""" LRU queue with dictionary lookups based on the Python Cookbook RingBuffer recipe.
A deque-based ringbuffer expires entries past size_max.
Doesn't allow deletion for obvious reasons.
def __init__(self, size_max):
self.queue = deque()
self.size_max = size_max-1
def append(self, value):
if len(self) >= self.size_max:
self.append = self._full_append
def _full_append(self, value):
return super(LRUDict, self).__delitem__(self.queue.popleft())
return "%s(%s)" % (self.__class__.__name__, dict.__repr__(self))
def __setitem__(self, key, value):
if key not in self:
return super(LRUDict, self).__setitem__(key, value)
def __delitem__(self, key):
A queue is fundamentally wrong for this type of use case.
See here for a very good writeup of priority queues and variants.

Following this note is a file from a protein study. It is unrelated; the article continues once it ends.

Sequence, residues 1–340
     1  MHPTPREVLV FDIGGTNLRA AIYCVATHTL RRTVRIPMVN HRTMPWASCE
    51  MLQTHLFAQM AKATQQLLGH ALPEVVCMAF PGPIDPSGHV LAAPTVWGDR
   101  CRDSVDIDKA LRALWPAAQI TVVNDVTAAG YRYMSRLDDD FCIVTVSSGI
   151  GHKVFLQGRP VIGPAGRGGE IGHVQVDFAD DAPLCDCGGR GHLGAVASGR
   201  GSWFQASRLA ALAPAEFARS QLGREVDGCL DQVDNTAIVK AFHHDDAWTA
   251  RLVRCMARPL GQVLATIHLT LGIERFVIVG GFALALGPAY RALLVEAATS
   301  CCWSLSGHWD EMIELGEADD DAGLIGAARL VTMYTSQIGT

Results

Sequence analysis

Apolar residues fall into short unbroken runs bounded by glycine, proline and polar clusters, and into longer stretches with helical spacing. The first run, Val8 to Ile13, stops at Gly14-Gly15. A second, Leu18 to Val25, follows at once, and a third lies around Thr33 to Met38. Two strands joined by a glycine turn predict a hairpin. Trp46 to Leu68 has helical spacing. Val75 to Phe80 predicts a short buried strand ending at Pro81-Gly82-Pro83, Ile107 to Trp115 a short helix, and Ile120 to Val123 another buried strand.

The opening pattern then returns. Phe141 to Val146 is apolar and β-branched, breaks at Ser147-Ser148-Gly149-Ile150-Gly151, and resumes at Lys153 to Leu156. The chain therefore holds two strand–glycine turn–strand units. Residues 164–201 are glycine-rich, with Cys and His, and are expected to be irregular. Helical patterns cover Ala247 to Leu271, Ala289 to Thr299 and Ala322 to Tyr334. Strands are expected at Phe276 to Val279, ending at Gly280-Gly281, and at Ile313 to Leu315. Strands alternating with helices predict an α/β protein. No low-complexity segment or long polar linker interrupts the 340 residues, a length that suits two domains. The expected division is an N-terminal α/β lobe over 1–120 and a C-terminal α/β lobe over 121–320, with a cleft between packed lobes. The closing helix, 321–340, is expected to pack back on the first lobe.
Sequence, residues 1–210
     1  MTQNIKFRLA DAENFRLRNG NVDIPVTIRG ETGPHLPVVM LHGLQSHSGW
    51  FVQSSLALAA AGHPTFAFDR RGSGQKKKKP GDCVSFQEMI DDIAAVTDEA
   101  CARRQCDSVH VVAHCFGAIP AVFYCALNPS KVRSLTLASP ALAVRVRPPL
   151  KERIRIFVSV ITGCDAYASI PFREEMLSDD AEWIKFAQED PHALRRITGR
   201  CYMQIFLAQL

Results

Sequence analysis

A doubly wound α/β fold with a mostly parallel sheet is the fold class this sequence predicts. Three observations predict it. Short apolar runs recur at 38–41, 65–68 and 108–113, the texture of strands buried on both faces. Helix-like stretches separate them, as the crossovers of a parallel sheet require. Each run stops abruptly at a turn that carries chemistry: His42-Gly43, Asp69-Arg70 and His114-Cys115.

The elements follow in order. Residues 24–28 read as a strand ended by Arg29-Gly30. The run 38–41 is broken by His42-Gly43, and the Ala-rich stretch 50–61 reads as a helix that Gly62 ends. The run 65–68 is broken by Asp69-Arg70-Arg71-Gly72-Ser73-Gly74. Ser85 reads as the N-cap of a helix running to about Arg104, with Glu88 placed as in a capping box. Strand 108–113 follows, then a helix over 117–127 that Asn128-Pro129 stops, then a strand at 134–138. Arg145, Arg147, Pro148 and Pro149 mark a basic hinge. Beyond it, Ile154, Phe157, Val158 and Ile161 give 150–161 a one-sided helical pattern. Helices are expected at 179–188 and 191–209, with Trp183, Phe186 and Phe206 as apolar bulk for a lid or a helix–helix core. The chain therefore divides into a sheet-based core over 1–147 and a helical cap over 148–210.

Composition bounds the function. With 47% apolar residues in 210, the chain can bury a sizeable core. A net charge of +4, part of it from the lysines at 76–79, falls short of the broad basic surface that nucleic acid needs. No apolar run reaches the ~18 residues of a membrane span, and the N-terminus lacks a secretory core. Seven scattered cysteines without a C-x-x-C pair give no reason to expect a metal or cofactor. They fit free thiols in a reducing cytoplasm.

(not hugely familiar with Java so this stuff might be wrong)
The implementation presented has some bad timing issues (List.Contains is a linear search). I think List.Remove is also a linear search. As well this implementation doesn't seem to do Point (1).
This is a valid min-heap: (5 ((7 (9, 10)), (8 (11, 12)))). Where in (a (b, c)) b and c are children of a.
If you want to peek(5) you have to:
1. peek 5
2. peek the min of 7 and 8 (7)
3. now you have to peek the min of 9, 10 and 8.
4. it's 8, now you have to peek the min of 9,10,11 and 12
The thing is, the only guarantee you have is that a root node of a tree or subtree is smaller than its children. You know nothing of a sibling subtree.
I think maintaining a simple list is the simplest way of doing that, and to speed up lookups for existing items, an index (map item->index) can be maintained. Or the other way around, keep the objects in a map and the keys in the order list. Considering a size n=5 it might even be reasonable to do everything with a simple array and iterate over it.